November is National Native American Heritage Month. As we pause and celebrate the history and contributions of our country’s Native people, I’d like to focus on the health of Native American women, including heart health, diabetes, and maternal-child health.
Heart disease and diabetes
Heart disease is a leading cause of death for all American women. But, heart disease is a bigger concern — in both length and quality of life — for Native American women. They are more likely to die from heart disease at a rate that’s at least 20-30 percent higher than non-Native women.
Similarly, Indigenous women are more likely to develop diabetes than non-Native women, and more likely to die from the disease.
Breastfeeding and Native American women
While Native American women tend to begin breastfeeding at about the same rates as women of other demographic groups, they tend to have lower rates at 3 and 6 months.
Breastfeeding can have many health benefits for both mother and child — including those noted above — but those benefits tend to be dose-dependent. In other words, if a mother stops breastfeeding early, there will be less health benefit.
A study of women with gestational diabetes found that, compared to those who did not breastfeed, those who breastfed were 9% less likely to develop Type 2 diabetes, those who breastfed for 1-2 years were 15% less likely, and those who breastfed for more than 2 years were 27% less likely.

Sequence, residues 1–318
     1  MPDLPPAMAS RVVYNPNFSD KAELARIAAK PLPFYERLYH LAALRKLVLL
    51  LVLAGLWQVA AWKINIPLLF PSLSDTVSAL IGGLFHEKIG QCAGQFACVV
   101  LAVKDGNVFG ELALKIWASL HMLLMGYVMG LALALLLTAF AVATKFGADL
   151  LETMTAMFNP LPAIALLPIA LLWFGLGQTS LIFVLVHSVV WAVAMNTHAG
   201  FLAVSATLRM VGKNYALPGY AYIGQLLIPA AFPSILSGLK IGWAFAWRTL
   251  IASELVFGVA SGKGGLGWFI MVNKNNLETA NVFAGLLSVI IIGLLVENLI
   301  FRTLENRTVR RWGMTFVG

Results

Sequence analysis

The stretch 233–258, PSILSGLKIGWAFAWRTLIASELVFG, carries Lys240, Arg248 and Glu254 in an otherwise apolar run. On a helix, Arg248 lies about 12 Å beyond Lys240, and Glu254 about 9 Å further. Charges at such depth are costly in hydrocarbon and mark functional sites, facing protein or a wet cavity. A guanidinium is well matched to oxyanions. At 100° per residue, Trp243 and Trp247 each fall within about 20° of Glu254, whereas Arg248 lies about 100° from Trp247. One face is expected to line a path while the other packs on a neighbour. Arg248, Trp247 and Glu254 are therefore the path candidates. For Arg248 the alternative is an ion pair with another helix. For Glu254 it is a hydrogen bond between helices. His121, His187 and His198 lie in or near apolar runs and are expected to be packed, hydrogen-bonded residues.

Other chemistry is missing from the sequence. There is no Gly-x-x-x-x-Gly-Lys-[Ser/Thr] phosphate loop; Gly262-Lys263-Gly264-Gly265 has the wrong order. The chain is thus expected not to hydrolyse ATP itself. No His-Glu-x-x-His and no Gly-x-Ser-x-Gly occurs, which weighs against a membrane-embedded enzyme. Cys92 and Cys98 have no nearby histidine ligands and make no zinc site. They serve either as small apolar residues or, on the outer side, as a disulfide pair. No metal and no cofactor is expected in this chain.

Fewer studies have been done on heart health and breastfeeding, but one retrospective study of Australian women found that those who had ever breastfed had a 14% lower risk of hospitalization for heart disease complications and a 34% lower risk of death from heart disease than those who never breastfed.
So, how can we support Native American women in breastfeeding?
Steps for improvement
In 2018, a national symposium focused on heart health of Native American women identified several helpful strategies for improvement. These strategies can be applied not only to cardiovascular health, but to women’s health in general and breastfeeding, in particular. These include:
- Center communities, culture, and families. Traditions (like hula dancing, or looking to elders for leadership) can be featured in initiatives to improve health. Reaching out to Native women as stewards of health in their families can be effective.
- Link data to stories. Some public health programs have found success when community leaders share their stories, and become “ambassadors” for health. Focus on long-term health and the ability to “change the narrative” about health conditions that may seem common (such as heart disease in their 40s).
- Address ACEs. Native Americans have higher rates of adverse childhood experiences (ACEs) than other demographic groups, and these have been linked to negative health outcomes. Acknowledging the trauma can help lead to future health.
- Involve young women and girls. Focusing on short-term and long-term health can improve overall wellness and lead to better health outcomes.
- Treat pregnancy as a “window of opportunity.” Often considered a sacred time, pregnancy can provide a chance to encourage women to improve their heart health — for themselves and their children.
- Growing the Native American healthcare workforce, and Native-audience resources. This guide from the US Office of Women’s Health is a start.
Perhaps one key can be found in this year’s Native Breastfeeding Week effort, which identified a focus of being “Strong. Resilient. Latched.” The slogan celebrates strong tribal customs, community support, being resilient despite current and past challenges, and valuing breastfeeding as a tradition and pathway to better health for mothers, children, and future generations.
For more information on health issues common among Native Americans, see here.
Want to know more about how tribal leaders are addressing COVID-19? Check out this webinar from US News & World Report.
What has your experience been, caring for Native American mothers and babies? Tell us in the comments below!